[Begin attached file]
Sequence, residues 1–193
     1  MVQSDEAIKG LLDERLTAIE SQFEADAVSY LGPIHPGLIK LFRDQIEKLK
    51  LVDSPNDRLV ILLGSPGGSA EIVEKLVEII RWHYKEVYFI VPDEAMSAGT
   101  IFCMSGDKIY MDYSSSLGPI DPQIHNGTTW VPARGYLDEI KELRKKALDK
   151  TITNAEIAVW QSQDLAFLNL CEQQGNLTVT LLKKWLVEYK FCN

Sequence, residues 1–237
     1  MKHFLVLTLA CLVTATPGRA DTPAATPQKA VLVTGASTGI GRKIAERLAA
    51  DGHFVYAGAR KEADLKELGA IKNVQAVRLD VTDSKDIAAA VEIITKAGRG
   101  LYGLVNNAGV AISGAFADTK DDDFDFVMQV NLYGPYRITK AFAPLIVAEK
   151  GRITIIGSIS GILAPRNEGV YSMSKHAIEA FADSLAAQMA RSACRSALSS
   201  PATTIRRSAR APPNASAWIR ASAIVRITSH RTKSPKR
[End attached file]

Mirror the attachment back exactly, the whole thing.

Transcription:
Sequence, residues 1–193
     1  MVQSDEAIKG LLDERLTAIE SQFEADAVSY LGPIHPGLIK LFRDQIEKLK
    51  LVDSPNDRLV ILLGSPGGSA EIVEKLVEII RWHYKEVYFI VPDEAMSAGT
   101  IFCMSGDKIY MDYSSSLGPI DPQIHNGTTW VPARGYLDEI KELRKKALDK
   151  TITNAEIAVW QSQDLAFLNL CEQQGNLTVT LLKKWLVEYK FCN

Sequence, residues 1–237
     1  MKHFLVLTLA CLVTATPGRA DTPAATPQKA VLVTGASTGI GRKIAERLAA
    51  DGHFVYAGAR KEADLKELGA IKNVQAVRLD VTDSKDIAAA VEIITKAGRG
   101  LYGLVNNAGV AISGAFADTK DDDFDFVMQV NLYGPYRITK AFAPLIVAEK
   151  GRITIIGSIS GILAPRNEGV YSMSKHAIEA FADSLAAQMA RSACRSALSS
   201  PATTIRRSAR APPNASAWIR ASAIVRITSH RTKSPKR